Iowa Supreme Court Defines “Oppression:” Lessons for Closely Held Corporations—Including Auto Dealers

Under Iowa law, a court can order the dissolution of a corporation if the minority shareholder can prove oppression. If the company dissolves, the minority shareholder will receive their appropriate share of the company’s assets. In addition, the Iowa Business Corporation Act (“IBCA”) provides a similar statutory remedy for oppression, but also allows the majority shareholders to purchase shares instead of dissolving the company in its entirety. However, Iowa law did not define “oppression” until Baur v. Baur Farms, which was decided on June 14.

The Court held, “majority shareholders act oppressively when, having the corporate financial resources to do so, they fail to satisfy the reasonable expectations of a minority shareholder by paying no return on shareholder equity while declining the minority shareholder’s repeated offers to sell shares for fair value.” In this holding, the Iowa Supreme Court provided an expansive definition of oppression based on reasonable expectations. The Court will determine whether a minority shareholder is being oppressed by considering the minority shareholder’s “reasonable expectations” regarding return on their investment. Additionally, the Court will also consider all of the circumstances of the business before determining whether there is oppression.

In Baur, the minority shareholder could sell his shares to a third party, but he first had to offer his shares to the other shareholders, and they could purchase the shares at fair value. This provision is somewhat common in closely-held corporations, including some auto dealership corporations. However, the majority shareholder refused to buy the shares at reasonable value and refused to pay any dividends to the minority shareholder. As a typical minority shareholder, he had little market outside of the corporation.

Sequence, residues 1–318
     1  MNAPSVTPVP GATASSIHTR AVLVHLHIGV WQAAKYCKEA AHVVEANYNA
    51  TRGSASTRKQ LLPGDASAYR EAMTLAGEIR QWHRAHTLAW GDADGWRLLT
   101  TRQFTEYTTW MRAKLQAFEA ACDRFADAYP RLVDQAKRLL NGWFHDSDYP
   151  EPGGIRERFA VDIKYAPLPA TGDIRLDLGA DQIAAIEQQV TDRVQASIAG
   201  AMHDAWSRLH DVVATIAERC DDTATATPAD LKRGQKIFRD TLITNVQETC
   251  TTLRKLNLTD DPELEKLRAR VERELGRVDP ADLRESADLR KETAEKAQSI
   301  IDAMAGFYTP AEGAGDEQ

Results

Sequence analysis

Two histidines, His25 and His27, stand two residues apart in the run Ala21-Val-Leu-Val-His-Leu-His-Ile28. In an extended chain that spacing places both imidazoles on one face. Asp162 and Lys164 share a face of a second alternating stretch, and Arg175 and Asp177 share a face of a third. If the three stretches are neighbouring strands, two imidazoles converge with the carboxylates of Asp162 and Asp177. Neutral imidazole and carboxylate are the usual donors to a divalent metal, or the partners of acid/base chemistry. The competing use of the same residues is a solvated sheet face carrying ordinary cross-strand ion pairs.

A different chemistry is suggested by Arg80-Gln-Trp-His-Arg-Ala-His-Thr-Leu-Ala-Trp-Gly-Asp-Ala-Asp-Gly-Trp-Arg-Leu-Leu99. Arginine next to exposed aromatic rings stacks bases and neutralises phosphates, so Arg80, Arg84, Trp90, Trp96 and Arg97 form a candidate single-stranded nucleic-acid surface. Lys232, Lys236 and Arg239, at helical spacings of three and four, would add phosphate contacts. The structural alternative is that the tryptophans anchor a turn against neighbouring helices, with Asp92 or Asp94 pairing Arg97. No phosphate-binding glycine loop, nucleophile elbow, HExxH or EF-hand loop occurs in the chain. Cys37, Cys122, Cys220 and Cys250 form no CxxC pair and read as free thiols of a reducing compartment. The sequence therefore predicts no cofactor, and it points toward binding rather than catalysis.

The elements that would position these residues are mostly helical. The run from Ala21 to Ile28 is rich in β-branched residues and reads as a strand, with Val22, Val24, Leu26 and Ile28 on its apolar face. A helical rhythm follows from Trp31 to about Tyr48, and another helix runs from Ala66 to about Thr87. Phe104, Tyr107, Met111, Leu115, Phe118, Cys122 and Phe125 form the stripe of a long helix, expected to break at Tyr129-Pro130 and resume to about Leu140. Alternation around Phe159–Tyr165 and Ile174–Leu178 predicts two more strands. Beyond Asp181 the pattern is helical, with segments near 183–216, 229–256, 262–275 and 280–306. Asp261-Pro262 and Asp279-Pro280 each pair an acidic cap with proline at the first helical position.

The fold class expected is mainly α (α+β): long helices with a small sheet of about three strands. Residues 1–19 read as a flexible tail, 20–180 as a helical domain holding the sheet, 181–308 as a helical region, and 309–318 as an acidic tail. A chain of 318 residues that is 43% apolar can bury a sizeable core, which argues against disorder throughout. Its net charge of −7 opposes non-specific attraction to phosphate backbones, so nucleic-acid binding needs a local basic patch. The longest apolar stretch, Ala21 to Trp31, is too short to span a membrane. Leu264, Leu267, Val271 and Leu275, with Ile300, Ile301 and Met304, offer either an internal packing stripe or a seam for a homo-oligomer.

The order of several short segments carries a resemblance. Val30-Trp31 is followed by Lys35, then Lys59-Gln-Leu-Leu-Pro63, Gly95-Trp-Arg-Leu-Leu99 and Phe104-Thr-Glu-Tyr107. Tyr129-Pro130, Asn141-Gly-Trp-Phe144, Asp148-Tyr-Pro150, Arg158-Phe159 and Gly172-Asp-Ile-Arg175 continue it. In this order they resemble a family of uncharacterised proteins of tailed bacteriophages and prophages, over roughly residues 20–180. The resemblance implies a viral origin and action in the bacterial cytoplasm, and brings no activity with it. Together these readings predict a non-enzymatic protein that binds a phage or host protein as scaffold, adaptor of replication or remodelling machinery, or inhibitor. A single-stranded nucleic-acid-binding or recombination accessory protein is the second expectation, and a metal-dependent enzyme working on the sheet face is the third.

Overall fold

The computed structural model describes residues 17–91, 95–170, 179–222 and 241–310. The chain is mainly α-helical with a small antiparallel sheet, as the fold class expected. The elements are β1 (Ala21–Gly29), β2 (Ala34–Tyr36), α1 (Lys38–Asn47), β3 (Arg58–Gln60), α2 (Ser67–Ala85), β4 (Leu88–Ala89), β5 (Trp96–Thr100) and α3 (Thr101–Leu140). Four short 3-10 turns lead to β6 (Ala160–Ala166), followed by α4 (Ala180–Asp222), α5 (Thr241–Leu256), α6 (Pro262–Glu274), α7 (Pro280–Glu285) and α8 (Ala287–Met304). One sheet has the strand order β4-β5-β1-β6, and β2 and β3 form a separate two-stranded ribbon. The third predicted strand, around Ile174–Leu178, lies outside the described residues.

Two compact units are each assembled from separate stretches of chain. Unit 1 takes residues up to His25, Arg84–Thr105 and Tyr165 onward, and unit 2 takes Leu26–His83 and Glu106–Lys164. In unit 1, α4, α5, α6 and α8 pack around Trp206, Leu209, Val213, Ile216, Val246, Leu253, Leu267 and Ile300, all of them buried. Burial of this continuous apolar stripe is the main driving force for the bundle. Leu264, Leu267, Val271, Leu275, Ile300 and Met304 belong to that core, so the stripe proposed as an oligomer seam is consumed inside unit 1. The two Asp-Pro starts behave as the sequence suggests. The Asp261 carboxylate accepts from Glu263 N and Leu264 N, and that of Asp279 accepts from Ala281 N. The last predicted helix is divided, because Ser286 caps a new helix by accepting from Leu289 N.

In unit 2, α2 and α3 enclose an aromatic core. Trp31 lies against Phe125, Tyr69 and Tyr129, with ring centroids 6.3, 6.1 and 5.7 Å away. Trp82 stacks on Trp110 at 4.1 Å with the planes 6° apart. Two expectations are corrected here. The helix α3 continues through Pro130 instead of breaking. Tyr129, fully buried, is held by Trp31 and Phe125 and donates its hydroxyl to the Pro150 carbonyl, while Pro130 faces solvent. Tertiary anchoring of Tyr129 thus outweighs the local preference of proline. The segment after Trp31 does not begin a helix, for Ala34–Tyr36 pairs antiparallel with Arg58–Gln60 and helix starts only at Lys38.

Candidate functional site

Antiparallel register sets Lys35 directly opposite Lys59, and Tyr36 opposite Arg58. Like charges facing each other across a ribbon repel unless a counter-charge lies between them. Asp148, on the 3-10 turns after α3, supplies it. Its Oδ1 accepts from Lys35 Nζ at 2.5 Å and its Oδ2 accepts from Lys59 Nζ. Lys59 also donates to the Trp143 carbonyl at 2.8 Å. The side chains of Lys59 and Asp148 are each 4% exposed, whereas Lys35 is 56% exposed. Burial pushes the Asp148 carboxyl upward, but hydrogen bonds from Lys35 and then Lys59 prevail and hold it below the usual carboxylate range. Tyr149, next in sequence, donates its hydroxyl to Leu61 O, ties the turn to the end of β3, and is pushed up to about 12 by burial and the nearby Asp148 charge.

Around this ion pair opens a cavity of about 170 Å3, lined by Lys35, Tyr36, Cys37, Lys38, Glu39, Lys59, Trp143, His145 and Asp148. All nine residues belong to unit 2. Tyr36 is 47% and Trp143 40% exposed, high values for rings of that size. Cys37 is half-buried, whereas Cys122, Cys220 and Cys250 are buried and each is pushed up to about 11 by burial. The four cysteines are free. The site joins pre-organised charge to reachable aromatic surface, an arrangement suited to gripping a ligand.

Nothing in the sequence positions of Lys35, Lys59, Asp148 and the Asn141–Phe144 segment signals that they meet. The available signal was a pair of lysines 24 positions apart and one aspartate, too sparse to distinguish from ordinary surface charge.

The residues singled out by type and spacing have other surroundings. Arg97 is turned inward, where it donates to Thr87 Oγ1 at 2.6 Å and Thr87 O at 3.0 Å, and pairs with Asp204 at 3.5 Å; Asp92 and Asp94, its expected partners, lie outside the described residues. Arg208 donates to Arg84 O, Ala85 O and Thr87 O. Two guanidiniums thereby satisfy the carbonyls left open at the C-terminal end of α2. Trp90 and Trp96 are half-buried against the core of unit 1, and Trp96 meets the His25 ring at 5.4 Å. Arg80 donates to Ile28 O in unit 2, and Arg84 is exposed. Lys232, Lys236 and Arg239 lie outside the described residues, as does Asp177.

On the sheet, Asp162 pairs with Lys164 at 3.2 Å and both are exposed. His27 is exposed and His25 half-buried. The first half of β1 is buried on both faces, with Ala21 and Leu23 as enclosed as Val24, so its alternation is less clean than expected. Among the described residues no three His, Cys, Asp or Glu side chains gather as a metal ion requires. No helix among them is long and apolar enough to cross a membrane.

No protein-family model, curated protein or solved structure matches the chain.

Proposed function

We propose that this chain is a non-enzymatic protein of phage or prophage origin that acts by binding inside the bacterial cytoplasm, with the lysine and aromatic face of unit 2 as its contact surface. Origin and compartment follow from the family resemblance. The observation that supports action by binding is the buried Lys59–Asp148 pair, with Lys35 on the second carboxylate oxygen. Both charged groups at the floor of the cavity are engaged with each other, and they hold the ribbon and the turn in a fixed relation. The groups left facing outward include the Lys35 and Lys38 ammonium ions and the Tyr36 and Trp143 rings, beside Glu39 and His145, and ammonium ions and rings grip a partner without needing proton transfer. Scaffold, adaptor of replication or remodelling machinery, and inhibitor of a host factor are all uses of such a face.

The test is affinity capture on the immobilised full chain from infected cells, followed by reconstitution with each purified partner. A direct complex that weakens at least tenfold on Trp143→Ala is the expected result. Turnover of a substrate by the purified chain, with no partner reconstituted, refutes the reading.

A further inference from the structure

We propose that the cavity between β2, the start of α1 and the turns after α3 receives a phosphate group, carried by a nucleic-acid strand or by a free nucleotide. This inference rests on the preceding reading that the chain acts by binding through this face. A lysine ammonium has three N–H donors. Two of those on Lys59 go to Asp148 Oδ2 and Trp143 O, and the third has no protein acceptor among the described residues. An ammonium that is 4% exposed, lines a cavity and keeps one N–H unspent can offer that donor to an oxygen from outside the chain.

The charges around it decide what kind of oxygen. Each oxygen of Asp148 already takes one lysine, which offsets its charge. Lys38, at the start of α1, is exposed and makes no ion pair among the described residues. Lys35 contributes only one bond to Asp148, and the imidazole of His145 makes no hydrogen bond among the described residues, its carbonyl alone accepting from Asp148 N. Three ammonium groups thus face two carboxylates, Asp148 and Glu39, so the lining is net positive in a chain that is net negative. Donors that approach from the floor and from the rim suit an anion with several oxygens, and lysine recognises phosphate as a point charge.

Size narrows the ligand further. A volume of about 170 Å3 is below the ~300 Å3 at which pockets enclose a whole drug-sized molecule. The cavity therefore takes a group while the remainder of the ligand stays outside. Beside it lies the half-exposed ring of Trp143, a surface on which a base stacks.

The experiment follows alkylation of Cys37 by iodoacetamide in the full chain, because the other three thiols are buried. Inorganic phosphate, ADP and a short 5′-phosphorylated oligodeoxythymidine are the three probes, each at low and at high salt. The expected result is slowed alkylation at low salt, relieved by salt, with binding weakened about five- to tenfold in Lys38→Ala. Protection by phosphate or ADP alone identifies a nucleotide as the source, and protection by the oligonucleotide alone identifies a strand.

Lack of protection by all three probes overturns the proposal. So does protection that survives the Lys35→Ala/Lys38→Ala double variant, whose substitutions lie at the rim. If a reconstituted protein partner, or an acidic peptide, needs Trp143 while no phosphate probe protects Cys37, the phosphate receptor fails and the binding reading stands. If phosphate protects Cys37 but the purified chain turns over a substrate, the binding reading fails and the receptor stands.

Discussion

The bylaws in Baur provided a method for calculating the “fair value” of the shares, but the company failed to update those numbers since 1984. Since the value of the corporation’s assets skyrocketed, if the minority shareholder sold his shares at the 1984 price, then he would be selling them at a significantly reduced value. Importantly, the Court made it clear that if the “fair value” had been computed properly, then the written agreement would have been upheld. Therefore, if the written contract is reasonable, then it will be upheld.

Baur provides two major lessons to closely held corporations, including auto dealership corporations. First, majority shareholders should take an objective look at how they are interacting with their minority shareholders. A majority shareholder’s actions should be within the Baur standards. If you are concerned that your actions might fall into the Court’s definition of oppression, then you should speak to an experienced business and auto dealer attorney.

This case also illustrates that the bylaws of closely held corporations may need to include provisions that realistically address adjustments to corporate control and shareholder buyouts. The Baur family would have saved time and money with a well-developed set of bylaws. Since the Court will generally uphold written agreements, you should have an attorney examine your corporation’s bylaws if you are concerned about future corporate governance. Contact experienced auto dealer counsel to discuss what this case means to your closely held corporation.


Two-Tier Pricing Hidden by Incentives

The Program:

Over the last decade, manufacturers have attempted to standardize each customer’s buying experience by requiring consistent brand imaging for dealerships. Thanks to favorable franchise laws in Iowa, manufacturers generally cannot terminate a franchise because a dealer failed to satisfy the latest factory image requirements. But what if the failure to satisfy the image requirements only costs a bonus? This bonus, or “factory-mandated dealership franchise upgrade program,” is an attempt to get around strong franchise laws such as Iowa law.